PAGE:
To elaborate more on the concept of true and false wit, characters in The Way of the World that express this notion can be divided into two groups: wits and would-be wits. However, Congreve creates more blurred distinction in dividing the characters into these two groups. In his interpretation, the separation between the two groups is not always clear, neither it is rigid, which makes it more difficult to distinguish the true wits of the play. Hinnant points out that those categories are “not as static, as they tend to be in the earlier comedies [of the Restoration period]” (Hinnant 381). Indeed, Congreve continues with the interest in the notion of wit, but offers a fresh outlook on in. His characters are not black and white. He allows his would-be wits to have some bright moments as well. The character of Anthony Witwoud can serve as an example, as he represents a rather problematic would-be wit. Hinnant mentions the fact that Witwoud was actually taken for a true wit by his contemporaries as his affectation is focused towards similitudes and his character “balances brilliance with dullness . . . a Witwoud who sparkles and a Witwoud who is tiresome” (Hinnant 375). This allows Congreve to express his sceptical attitude towards the usage of similitudes and its perception as an example of true wit. Witwoud is someone who confesses: “I talk like an old maid at a marriage, I don’t know what I say” (Congreve 1.230-231), but at the same time he tirelessly attempts to express what Kaufman names “the linguistic ease of the wits” (412). As a consequence, the audience can “witness a self-conscious obsession with wit transform a human being into a wit-producing automaton “(Kaufman 412). Witwoud is self-aware of his overindulgence in similitudes, but simply cannot stop himself even though his speeches are found tiresome by others. The scene that he shares with Millamant in act II is a perfect example of that:
MILLAMANT. Dear Mr. Witwould, truce with your similitudes; for I am as sick of em
WITWOUD. As a physician of a good air – I cannot help it madam, though tis against myself.
MILLAMANT. Yet again Mincing, stand between me and his wit.
WITWOUD. Do Mrs. Mincing, like a screen before a great fire. I confess I do blaze today, I am too bright. (Congreve 2.1.300-306)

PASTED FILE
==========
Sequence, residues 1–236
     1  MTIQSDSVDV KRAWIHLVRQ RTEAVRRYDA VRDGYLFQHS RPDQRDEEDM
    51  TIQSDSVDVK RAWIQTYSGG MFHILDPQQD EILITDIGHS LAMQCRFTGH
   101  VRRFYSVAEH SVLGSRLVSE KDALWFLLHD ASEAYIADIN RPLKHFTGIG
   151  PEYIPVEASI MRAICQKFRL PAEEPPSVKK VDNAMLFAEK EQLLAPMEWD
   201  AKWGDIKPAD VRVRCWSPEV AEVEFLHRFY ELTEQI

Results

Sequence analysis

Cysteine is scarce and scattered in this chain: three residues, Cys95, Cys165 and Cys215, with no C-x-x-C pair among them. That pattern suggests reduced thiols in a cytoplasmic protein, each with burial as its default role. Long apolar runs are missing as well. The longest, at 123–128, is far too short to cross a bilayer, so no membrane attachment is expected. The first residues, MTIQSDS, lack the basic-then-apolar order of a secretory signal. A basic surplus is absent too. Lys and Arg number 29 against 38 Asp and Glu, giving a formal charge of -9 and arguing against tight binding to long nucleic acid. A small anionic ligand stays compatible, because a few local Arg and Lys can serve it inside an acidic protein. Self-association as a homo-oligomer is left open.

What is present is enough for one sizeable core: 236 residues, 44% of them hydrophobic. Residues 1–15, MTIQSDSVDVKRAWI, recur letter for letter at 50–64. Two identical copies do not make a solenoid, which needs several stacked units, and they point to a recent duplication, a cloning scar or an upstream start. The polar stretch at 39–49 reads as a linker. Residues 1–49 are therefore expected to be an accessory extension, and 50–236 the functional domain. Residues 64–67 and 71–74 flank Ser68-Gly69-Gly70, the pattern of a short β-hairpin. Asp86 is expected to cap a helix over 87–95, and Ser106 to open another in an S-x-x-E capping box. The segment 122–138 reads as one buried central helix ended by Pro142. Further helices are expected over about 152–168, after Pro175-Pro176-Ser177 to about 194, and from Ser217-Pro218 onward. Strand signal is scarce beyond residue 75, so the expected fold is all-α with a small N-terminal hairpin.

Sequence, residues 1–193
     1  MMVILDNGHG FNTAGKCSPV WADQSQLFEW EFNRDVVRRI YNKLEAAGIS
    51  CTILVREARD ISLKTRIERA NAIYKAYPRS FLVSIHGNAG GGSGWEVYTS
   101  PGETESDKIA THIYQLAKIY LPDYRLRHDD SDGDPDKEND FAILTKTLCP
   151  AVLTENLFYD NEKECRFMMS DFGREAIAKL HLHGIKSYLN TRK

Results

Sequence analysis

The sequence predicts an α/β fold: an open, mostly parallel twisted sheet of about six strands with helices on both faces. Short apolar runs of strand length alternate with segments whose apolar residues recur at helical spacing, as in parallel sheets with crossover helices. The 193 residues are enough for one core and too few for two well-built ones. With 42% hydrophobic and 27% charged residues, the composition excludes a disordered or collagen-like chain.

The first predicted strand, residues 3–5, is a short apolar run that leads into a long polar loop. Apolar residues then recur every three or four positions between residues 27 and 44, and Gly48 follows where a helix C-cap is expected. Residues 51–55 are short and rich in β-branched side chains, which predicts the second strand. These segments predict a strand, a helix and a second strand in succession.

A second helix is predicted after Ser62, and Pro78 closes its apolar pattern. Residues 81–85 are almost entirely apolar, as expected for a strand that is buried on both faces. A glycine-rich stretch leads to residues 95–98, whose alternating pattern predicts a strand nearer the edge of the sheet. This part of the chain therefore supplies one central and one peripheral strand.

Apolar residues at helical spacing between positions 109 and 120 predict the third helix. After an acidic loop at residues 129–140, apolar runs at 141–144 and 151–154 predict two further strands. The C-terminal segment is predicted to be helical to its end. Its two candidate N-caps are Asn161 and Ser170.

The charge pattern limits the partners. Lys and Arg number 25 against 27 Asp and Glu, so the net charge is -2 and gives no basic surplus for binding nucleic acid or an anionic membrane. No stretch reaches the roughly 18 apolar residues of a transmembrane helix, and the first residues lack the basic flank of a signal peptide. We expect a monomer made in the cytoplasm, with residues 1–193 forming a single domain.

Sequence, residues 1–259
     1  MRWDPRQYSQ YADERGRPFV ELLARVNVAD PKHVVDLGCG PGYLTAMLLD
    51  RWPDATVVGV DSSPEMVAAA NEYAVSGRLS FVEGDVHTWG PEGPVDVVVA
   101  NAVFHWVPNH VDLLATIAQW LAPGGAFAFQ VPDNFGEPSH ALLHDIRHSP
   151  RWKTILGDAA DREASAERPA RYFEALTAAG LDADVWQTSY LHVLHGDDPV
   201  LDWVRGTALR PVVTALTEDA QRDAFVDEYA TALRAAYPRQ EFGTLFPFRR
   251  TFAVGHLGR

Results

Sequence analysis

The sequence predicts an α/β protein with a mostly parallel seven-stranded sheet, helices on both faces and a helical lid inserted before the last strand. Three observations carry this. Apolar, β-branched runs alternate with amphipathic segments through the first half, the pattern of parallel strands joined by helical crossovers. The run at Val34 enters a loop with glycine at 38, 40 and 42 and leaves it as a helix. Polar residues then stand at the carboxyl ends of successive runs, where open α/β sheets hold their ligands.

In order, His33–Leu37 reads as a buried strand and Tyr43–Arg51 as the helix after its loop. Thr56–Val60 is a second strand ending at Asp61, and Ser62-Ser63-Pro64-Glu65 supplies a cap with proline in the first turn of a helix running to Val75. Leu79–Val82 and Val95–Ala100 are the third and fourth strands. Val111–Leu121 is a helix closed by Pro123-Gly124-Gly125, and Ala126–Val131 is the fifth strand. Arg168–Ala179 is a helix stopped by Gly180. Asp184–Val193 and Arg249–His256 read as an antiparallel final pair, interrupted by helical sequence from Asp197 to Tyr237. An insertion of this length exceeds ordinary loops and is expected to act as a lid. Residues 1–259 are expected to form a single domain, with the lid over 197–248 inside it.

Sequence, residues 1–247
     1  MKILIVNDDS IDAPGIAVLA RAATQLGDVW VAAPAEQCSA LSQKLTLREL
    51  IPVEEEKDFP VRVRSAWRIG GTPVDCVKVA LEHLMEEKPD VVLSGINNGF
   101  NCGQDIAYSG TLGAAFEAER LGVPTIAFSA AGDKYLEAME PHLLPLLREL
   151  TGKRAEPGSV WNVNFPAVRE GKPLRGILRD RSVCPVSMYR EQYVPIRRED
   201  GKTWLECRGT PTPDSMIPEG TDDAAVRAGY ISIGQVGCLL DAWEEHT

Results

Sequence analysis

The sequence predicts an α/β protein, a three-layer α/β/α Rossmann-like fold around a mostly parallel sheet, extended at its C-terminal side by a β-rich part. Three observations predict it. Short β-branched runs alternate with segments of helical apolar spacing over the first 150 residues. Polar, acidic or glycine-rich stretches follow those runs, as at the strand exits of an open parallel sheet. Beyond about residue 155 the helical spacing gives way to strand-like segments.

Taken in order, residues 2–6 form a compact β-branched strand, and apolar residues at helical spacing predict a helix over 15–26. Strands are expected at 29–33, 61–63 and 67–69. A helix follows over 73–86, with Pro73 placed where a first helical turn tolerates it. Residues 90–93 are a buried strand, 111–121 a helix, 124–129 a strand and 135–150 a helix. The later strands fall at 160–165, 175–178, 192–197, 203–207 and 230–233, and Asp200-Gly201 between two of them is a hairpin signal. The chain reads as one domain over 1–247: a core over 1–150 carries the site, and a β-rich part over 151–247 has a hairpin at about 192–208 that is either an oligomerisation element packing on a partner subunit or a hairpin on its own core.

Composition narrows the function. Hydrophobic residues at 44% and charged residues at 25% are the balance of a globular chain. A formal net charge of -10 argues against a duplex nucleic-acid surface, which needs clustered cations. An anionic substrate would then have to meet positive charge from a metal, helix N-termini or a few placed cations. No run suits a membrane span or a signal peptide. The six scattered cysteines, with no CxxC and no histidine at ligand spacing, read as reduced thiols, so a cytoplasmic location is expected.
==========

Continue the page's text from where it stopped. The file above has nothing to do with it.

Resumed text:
Witwoud is conscious of his unstoppable flow of attempted wit, but he still tries to paint himself as a true wit. Kaufman described him as “the logical end product of a society that overvalues appearance” (414). He is a character that focuses predominantly on his rhetorical expressions, but lacks any sense of subtlety or fittingness of his utterances that are essential components of a true wit.
The attempt to present oneself as a true wit is also expressed by female characters in the play. They as well attempt to paint themselves as ingenious players in the game of the society. And just as male characters, they are both successful and failing. Mrs Marwood, Fainall’s mistress, shares with Witwoud the endeavour to present herself as a witty character. But just as he, she is not able to recognize the propriety of some of her expressions. When she is discussing the issue of female friendship with Fainall, she calls it “more sincere, and more enduring, than all the vain and empty vows of men” (Congreve 2.1.144-145), Fainall immediately reminds her that she is his wife’s friend and at the same time his lover, thus immediately undermining her argument. Her words could express true wit, but they would have to belong to a different character. After such disclosure of her impropriety, she resorts to a less witty and more malicious language that instead of the subtlety of true wit possesses unnecessarily dramatic exclamation such as “I loathe you” (Congreve 2.1.194) or that it is not too late to “detest, abhor mankind . . . and the whole treacherous world” (Congreve 2.1.211-212). Eventually she has to be reminded by Fainall: “You have a mask, wear it a moment” (Congreve 2.1.220-221) so she would compose herself once more.